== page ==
Literature underscores the importance of disclosing HIV status to affected people over withholding such information from them (Monahon, 1993; Rotenberg, 1995). Whereas the authors support this widely held view about HIV status disclosure versus non-disclosure, they also acknowledge the difficulty and potential psychological risk in HIV status disclosure, if the process is not well managed. In this chapter, therefore, the authors present a case study that illuminates the challenges in disclosing HIV status to affected children and how the psychological risks inherent in the process can be reduced. Disclosure is used in the case study to mean revelation of concealed HIV and AIDS information to a child who is infected or affected. It is very important that disclosure is done because of its empowering effects. A number of approaches can be used to disclose sensitive information to children. In this case, storytelling has been found to be effective. The story-telling in this regard refers to conveying a message through a detailed narration of information as it unfolds. This mode of information gathering was adopted because of its thrilling and readily appealing nature to children since they enjoy story-telling.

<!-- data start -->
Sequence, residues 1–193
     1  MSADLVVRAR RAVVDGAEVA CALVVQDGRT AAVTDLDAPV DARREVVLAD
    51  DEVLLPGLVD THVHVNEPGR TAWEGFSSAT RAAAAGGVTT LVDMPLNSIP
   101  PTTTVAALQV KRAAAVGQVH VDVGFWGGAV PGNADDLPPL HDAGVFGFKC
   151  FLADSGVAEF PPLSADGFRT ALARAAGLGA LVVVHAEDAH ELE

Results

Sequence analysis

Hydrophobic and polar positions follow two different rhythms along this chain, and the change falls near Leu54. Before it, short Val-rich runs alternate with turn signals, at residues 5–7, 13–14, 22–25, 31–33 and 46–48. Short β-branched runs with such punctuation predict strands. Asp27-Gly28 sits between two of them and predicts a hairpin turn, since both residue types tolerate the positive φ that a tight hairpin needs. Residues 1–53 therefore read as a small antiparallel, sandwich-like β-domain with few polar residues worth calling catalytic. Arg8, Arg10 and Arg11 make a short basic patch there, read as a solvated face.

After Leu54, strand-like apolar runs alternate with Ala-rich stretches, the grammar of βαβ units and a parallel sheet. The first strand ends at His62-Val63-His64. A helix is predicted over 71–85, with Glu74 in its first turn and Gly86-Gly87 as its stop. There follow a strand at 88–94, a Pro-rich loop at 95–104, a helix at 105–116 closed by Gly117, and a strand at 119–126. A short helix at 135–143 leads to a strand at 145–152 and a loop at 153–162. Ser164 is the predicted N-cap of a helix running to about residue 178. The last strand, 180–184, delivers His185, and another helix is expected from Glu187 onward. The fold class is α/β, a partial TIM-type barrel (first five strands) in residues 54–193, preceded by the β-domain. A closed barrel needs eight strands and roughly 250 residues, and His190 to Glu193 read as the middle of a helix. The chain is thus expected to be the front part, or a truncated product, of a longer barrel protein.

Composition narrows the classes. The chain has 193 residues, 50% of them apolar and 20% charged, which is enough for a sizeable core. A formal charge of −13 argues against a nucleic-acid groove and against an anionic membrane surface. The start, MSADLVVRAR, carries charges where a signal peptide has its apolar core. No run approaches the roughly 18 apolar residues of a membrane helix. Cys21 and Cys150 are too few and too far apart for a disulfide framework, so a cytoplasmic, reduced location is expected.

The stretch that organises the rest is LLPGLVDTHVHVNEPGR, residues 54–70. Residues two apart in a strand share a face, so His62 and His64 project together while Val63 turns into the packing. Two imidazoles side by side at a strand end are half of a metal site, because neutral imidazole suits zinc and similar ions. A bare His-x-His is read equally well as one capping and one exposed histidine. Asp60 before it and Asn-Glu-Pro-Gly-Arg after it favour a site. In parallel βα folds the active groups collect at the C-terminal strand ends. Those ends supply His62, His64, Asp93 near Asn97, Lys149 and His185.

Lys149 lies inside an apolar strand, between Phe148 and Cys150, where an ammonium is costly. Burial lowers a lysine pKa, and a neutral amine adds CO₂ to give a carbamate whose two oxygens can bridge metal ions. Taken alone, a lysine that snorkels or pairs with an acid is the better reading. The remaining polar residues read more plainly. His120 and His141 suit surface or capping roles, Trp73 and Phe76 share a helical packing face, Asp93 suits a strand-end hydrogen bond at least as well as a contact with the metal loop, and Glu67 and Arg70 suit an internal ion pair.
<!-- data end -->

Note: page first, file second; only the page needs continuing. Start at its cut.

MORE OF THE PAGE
According to Berice Dudley (1997), a story is an art of conveying message, truths, information, and knowledge of wisdom to an audience in an entertaining manner in order to enhance enjoyment, retention and understanding of the message. In this case, for example, there was need to convey the message to a child about his HIV status. A number of platforms could be used to convey this message including the home, the health facilities, school counseling units and other child care facilities. In addition to conveying the message, storytelling was suitable in this case because it helped the parent to reveal the truth about her child’s status at the same time providing her with platforms for opening up, support, and accepting the situation. Indeed, storytelling proved to be an important tool for revealing sensitive information in a much enjoyable entertaining, and understanding manner. Storytelling has been used in Botswana by qualitative researchers to elicit data that would otherwise not be elicited through questioning and answering (Nkhwalume, 2010; Adeyemi, 2012). In the case study reported here, story-telling was a useful tool in unveiling the feelings and thoughts regarding how children would feel when HIV and AIDS information was withheld from them. The case study reported here is about a mother of a six year old male child in Botswana. In 2012, Botswana was reported to have the second highest prevalence of HIV with one in three adults infected (Kandala, Campbell, Rakgoasi, Madi-Segwagwe & Fako, 2012). The latest AIDS impact survey reports HIV prevalence rate of 18.5% and incidence rate of 1.35% in population aged 18 months and older (Statistics Botswana, 2013).